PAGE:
Raúl de Nieves's ‘When I Look Into Your Eyes I See the Sun’ is on view at the Faena Hotel South Beach through the end of the year.

A whimsical carousel—encrusted with a coating of colorful, shiny beads—sits at the entrance of the Faena Hotel Miami Beach. This kinetic sculpture by New York-based artist Raúl de Nieves and titled When I Look Into Your Eyes I See the Sun, is presented by Bulgari in collaboration with Art Production Fund, moves round and round, evoking childhood memories and the idea of fantasy. De Nieves made waves at the 2017 Whitney Biennial with sculptures coated in beads that sat in front of stained glass windows, and at 2015 exhibition Greater New York at MoMA PS1. Document met with De Nieves in front of the carousel, which was feted by Bulgari and Art Production Fund at a cocktail and dinner attended by Laura Harrier, Chloe Sevigny, Jess Glynne, Winnie Harlow, and Candice Swanepoel. Document spoke to De Nieves about the public artwork—which is on view at the Faena through the end of the year, the concept behind it, and his upcoming exhibition at the Cleveland Museum of Art.

Ann—Tell me about the whole concept. Why did you decide to create a carousel?

Raúl—I decided to make a carousel because it’s such an easy object to relate to. It transcends through the idea of ages and it relates to everyone. It also allows you to create a narrative within its pieces.

Ann—What’s your personal connection to the carousel? Does it remind you of your childhood?

Raúl—I think the personal symbolism of the carousel, it really reminds me of childhood and fantasy, and making one with this experience really allowed me to hone on narratives that sometimes maybe we forget about, like this idea of becoming an adult, growing older, aspirations, fears, things that hold us back, things that push us forward, and obviously the idea of a journey as well. Obviously a collaboration between Art Production Fund and Bulgari.

Ann—Yeah, how did you get the commission?

Raúl—I had applied for the piece to be selected, so it was kind of random. It was a proposal situation where you propose this idea.

Ann—Did you have to propose to Art Production Fund, or Bulgari?

Raúl—Bulgari. Art Production Fund helps with the beginning of the piece, so I proposed with this carousel and they totally fell in love with it. It’s really amazing because they gave me the freedom to actually execute it and let me do my own thing, which is really rare within these collaborations.

Ann—What’s the story behind this carousel?

Raúl—I think it’s the idea of metamorphosis and the shifting of age. There’s like this mother who is aware of her existence, and she brings on all these characters that are part of the situation that’s happening, and fear is something that we like sometimes get rooted to, and I wanted to think about what this nostalgia entails into.

Ann—What is this serpent about?

Raúl—The serpent is this connection of wanting to regroup itself. I was even thinking about our political climate and how it’s creating so many different—it’s trying to seperate everything, and then again, we’re trying to really unify ourselves, so the serpent also is this idea of the defeat of the fear and the longing to actually understand what that means.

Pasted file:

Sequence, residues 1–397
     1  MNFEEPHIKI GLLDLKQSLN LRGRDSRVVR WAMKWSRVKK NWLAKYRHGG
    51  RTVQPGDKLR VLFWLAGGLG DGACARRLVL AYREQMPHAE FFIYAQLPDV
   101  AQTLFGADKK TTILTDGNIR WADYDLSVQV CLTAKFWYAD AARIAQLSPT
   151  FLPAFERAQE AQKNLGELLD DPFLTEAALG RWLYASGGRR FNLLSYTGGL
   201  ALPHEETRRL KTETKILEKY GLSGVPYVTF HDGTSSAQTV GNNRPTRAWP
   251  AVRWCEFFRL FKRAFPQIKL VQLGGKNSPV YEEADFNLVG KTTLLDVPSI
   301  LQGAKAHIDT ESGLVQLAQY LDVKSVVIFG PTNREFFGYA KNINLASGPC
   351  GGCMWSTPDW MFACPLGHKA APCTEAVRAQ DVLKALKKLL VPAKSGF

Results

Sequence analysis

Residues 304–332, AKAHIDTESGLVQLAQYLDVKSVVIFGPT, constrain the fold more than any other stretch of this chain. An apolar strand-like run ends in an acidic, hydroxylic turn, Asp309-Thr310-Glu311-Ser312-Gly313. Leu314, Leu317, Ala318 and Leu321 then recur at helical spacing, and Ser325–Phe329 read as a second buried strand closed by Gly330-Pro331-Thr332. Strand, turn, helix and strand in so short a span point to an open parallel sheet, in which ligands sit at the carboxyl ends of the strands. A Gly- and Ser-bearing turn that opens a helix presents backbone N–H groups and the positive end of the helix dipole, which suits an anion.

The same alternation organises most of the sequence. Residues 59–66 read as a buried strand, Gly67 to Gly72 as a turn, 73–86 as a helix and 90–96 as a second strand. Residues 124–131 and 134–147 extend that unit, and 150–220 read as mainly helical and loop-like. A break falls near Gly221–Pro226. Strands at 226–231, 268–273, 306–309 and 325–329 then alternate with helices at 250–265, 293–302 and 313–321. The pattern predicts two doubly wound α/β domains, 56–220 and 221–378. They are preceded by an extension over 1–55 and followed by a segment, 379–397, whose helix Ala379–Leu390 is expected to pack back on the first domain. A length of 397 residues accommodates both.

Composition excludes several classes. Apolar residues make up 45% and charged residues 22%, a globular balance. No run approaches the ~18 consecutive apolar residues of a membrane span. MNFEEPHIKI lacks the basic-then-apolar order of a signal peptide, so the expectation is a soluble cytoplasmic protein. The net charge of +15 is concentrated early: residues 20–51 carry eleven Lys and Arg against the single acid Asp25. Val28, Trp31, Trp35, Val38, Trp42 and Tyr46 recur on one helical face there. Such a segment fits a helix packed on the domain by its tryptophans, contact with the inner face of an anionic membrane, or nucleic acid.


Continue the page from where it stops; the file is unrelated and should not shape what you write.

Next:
Ann—And the chains?

Raúl—So the chains around the figurative, that’s kind of like the things that hold us down. The things that hold you from growing, or hold you to you sense of who you are. I mean I wanted to portray these people as almost in captivation, and maybe like the narrative should be open ended, whether they want to escape, or they actually want to be a part of it.

Raúl de Nieves creates a magical carousel with Bulgari and Art Production Fund

Photographed by Geoff Levy.

Ann—Tell me about the materials you used. Did you use Bulgari materials?

Raúl—No, this is all plastic beads.

Ann—From a craft shop? They look more precious than that.

Raúl—Yeah, well I think that idea of accumulation gives you that sense of something precious. But it is literally just plastic beads. So this style of work is my practice. I do this usually in a sculptural format, so it is something that is very well known of who I am as an artist. Using these vulnerable materials to transform everyday objects.

Ann—So it just happened to be a coincidence that Bulgari is a jewelry company and you work with materials—

Raúl—emulate, yeah—

Ann—what they do. Tell me about the process of making the whole thing. When did you start?

Raúl—We had to allocate this carousel, which was in need of help, so we teamed up with a design group called Square Design, and then I allocated six assistants to help me do the beadwork. So at the end of the day, it is a collaborative effort. I think this is a grand scale. It’s something larger than life. It’s a big collaboration between myself and other artists and artisanal people, so it’s something that really went beyond than what I expected.

Ann—What are you working on next?

Raúl—I have a solo show at Cleveland Museum of Art in February, so that’s my next project.

Ann—What will that consist of?

Raúl—I make these wearable suits that also become sculptural elements. The show is kind of an homage to my mother. The title of the show is Fina, which is her name. It’s my first museum solo show, so I thought I would really celebrate the person who has made me who I am.  

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